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Full text of "Mathematical And Physical Papers - Iii"

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little consequence whether the sulphate, phosphate, acetate, or hydrochlorate be used, since the first three salts would be immediately converted by the common salt in the body into the hydrochlorate, and the small quantity of a neutral salt of soda resulting from the double decomposition could hardly, one would suppose, be worth considering. However, the common quinine is associated with cinchonine, the reactions of which may be different. According to Sir John Herschel, the latter alkaloid does not exhibit the blue colour, and therefore the optical tests do not apply to it. If it be desired to obtain a soluble salt of quinine which shall not be converted by common salt, by double decomposition, into a hydrochlorate, it must apparently be sought for among the combinations of quinine with very weak acids, the affinity of which for soda does not much help that of hydrochloric acid for quinine. It seems likely enough that such salts may exist; for though acetate or citrate of quinine decomposes hydro-chlorate of soda, hydrochlorate of quinine is decomposed by carbonate of soda; and it is probable that many vegetable acids behave like the carbonic in this respect.
211.     The blue dispersion of a solution of sulphate of quinine is destroyed by hydrobrorriic and hydriodic acids just as by hydrochloric.    In the experiment, solutions of bromide and iodide of potassium were used; but as a considerable excess of sulphuric acid was purposely added to the solution of quinine, the potassa introduced would merely remain inert in the solution as a sulphate, without   impeding the  observation.    The same experiment was tried with phosphate of quinine with the same result.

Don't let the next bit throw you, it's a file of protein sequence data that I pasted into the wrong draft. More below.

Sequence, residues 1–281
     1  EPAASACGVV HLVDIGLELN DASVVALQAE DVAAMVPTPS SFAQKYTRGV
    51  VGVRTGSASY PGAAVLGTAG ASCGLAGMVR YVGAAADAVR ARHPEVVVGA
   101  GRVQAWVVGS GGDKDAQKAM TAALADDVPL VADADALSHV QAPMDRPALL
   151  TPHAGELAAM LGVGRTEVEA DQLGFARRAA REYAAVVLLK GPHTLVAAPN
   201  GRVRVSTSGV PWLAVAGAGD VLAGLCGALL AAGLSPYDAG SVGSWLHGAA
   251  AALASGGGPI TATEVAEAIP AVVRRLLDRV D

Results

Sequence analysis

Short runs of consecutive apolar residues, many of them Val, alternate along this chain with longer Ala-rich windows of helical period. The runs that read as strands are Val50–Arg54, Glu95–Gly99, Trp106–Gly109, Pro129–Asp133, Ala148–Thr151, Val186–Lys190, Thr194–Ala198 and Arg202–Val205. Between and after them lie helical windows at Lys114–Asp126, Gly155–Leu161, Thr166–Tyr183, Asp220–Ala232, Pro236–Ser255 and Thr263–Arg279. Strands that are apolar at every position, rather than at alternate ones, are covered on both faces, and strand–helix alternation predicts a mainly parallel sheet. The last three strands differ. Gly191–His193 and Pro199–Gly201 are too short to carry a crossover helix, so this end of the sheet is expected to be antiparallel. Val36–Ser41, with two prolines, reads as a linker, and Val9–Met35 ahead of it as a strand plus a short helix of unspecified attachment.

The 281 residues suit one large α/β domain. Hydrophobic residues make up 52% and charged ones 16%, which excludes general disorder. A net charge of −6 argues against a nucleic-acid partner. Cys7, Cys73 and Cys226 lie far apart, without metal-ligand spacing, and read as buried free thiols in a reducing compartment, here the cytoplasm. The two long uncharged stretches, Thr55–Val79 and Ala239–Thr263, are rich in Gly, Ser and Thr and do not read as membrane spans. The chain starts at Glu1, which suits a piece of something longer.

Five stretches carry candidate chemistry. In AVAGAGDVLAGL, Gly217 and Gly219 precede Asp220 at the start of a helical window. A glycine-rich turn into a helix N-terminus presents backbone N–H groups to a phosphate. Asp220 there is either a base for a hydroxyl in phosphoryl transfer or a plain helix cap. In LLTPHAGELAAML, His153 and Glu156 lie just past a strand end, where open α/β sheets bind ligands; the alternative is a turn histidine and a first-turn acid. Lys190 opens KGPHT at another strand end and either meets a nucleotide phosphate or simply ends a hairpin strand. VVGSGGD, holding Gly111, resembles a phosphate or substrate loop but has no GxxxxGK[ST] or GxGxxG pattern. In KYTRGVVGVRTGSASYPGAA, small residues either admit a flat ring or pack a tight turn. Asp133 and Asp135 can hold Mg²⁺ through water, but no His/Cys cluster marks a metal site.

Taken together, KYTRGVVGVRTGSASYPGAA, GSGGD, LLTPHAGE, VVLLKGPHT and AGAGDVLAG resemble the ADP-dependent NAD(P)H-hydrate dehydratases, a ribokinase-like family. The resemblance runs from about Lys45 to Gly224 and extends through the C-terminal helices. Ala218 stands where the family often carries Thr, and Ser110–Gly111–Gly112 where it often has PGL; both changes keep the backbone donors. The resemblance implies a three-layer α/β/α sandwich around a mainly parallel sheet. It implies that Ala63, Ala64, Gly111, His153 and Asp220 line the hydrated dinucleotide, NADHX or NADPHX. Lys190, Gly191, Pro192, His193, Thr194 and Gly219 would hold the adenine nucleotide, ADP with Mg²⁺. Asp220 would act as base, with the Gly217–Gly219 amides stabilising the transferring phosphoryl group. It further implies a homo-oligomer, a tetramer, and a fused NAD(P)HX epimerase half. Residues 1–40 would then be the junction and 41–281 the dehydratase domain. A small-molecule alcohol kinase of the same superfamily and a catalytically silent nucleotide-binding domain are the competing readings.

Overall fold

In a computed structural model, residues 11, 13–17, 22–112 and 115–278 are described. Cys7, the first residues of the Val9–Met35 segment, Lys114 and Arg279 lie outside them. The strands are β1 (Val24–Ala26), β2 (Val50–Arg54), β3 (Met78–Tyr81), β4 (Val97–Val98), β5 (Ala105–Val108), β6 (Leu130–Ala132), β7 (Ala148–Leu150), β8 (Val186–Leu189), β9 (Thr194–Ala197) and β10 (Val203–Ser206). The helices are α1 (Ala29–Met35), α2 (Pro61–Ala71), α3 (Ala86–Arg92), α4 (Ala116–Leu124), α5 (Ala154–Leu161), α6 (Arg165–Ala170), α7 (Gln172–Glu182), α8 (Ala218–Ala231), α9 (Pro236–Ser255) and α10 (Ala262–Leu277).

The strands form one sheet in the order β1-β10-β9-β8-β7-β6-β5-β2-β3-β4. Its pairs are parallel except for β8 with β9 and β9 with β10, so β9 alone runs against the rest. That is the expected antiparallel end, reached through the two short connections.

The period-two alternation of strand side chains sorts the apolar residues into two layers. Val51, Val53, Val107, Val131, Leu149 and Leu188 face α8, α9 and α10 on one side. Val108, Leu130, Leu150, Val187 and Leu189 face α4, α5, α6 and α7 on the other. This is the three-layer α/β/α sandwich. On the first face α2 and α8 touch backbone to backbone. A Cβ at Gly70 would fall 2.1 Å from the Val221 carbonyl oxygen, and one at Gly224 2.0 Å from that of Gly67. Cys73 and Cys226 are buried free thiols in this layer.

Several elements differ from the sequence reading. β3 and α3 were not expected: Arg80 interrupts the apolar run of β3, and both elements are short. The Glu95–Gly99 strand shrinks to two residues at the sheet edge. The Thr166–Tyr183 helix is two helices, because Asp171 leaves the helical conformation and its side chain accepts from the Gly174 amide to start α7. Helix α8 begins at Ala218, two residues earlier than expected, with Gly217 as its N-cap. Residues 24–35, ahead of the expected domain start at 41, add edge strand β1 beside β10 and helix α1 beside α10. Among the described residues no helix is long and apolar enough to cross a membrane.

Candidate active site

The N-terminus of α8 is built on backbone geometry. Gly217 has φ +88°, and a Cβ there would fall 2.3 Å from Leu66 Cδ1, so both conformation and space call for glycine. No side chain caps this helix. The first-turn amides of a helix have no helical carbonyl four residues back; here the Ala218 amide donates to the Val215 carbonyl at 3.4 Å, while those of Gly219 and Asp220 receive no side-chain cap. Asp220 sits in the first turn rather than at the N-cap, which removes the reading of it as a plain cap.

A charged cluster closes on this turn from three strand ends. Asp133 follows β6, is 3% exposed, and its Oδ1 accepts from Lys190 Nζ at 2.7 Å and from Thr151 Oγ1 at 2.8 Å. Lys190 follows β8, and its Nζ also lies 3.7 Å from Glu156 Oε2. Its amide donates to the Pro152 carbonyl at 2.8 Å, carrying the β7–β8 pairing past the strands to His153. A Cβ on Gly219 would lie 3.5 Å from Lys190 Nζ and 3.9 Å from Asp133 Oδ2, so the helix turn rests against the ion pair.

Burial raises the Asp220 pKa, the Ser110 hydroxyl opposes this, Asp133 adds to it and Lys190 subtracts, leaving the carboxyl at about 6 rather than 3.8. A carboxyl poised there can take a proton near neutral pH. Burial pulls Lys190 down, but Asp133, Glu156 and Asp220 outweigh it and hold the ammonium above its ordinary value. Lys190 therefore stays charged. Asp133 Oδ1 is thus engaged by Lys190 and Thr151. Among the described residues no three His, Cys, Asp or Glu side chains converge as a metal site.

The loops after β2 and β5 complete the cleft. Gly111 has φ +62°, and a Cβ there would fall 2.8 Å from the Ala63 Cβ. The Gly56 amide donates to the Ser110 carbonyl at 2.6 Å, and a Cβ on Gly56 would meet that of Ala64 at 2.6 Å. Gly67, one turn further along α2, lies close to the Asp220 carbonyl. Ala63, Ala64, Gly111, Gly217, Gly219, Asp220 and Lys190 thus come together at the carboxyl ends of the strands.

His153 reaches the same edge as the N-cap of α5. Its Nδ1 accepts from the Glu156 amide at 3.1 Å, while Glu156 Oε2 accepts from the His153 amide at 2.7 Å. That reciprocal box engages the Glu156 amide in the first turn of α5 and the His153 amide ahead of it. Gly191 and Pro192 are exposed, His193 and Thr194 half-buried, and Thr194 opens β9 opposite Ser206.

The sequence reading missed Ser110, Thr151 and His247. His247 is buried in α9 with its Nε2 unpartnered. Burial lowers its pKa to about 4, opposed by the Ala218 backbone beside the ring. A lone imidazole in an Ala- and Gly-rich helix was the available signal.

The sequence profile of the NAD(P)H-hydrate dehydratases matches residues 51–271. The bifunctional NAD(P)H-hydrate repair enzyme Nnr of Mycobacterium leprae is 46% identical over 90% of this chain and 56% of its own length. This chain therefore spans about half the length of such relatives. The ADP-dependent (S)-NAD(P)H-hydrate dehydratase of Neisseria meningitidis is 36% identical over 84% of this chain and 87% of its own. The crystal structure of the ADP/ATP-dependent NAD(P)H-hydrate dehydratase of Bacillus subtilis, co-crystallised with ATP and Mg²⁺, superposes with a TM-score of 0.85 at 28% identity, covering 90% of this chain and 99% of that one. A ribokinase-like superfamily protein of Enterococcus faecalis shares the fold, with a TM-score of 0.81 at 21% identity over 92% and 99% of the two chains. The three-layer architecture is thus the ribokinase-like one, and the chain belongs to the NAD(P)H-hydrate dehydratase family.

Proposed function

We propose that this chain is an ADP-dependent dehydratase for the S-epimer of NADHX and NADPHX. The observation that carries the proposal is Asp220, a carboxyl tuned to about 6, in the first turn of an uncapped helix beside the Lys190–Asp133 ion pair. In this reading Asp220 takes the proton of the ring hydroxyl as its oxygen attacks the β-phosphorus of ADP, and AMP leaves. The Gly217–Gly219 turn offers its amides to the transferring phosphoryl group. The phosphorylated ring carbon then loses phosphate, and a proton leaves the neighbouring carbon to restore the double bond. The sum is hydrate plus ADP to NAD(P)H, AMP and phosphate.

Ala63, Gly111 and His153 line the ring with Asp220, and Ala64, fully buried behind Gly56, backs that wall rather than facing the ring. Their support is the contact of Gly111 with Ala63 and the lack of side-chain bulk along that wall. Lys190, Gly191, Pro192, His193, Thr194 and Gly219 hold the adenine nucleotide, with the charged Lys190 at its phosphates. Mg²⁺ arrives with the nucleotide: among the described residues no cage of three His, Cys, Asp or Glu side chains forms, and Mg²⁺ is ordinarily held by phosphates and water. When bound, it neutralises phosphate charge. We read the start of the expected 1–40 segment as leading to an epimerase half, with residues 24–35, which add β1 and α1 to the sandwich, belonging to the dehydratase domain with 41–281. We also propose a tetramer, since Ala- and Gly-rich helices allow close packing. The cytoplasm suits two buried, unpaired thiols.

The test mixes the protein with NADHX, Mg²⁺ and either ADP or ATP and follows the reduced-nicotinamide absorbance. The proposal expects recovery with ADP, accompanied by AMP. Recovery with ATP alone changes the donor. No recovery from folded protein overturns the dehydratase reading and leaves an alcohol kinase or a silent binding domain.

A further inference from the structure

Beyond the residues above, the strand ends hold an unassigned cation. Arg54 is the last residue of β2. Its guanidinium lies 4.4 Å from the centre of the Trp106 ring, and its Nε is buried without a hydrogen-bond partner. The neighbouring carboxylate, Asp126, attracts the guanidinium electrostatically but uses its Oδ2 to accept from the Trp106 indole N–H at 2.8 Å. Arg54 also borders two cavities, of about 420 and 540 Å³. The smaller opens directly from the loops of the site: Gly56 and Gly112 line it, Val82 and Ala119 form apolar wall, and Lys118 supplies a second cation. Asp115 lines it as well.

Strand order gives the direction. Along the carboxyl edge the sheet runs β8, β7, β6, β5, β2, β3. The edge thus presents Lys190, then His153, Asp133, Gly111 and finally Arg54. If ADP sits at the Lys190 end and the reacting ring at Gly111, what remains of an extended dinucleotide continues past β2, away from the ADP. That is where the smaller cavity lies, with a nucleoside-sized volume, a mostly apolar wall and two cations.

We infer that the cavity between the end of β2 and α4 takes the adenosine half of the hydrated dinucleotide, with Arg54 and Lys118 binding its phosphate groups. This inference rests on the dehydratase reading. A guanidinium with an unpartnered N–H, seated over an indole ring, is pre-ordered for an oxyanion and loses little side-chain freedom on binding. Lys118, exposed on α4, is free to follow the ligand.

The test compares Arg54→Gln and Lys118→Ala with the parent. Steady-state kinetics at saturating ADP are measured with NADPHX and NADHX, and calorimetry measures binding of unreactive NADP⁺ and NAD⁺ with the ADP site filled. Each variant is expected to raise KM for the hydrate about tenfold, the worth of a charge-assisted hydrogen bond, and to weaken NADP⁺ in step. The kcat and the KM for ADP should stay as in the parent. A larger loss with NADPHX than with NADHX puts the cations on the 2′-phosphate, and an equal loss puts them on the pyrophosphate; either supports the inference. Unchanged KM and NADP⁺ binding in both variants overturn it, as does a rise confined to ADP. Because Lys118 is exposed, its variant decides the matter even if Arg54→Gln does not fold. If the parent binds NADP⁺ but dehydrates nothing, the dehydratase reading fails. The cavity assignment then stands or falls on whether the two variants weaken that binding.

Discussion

212.     It is  stated  in Turner's  Chemistry, that  the play of colours observed in solutions of polychrome (i.e. esculine) is destroyed by acids, and heightened by alkalies.    The destruction, or at least, almost complete destruction, of the blue colour due to dispersed light in a decoction of the bark of the horse-chestnut, which is produced by acids, is readily observed; but I could not perceive that the addition of alkalies in the first instance to a fresh solution made any difference one way or other.    If the blue colour had previously been destroyed by an acid, it was restored by the alkali.    If the horse-chestnut had never been examined chemically, these observations alone would indicate that in all